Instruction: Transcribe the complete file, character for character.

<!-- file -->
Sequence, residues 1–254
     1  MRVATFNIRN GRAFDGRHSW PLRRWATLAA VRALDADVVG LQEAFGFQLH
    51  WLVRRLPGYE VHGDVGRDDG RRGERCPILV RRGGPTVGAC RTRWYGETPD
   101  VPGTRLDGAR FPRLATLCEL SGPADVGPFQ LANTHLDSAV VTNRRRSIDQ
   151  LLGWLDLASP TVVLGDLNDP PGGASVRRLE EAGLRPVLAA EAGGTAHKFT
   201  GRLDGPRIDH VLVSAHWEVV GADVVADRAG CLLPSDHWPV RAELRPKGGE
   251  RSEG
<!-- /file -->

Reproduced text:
Sequence, residues 1–254
     1  MRVATFNIRN GRAFDGRHSW PLRRWATLAA VRALDADVVG LQEAFGFQLH
    51  WLVRRLPGYE VHGDVGRDDG RRGERCPILV RRGGPTVGAC RTRWYGETPD
   101  VPGTRLDGAR FPRLATLCEL SGPADVGPFQ LANTHLDSAV VTNRRRSIDQ
   151  LLGWLDLASP TVVLGDLNDP PGGASVRRLE EAGLRPVLAA EAGGTAHKFT
   201  GRLDGPRIDH VLVSAHWEVV GADVVADRAG CLLPSDHWPV RAELRPKGGE
   251  RSEG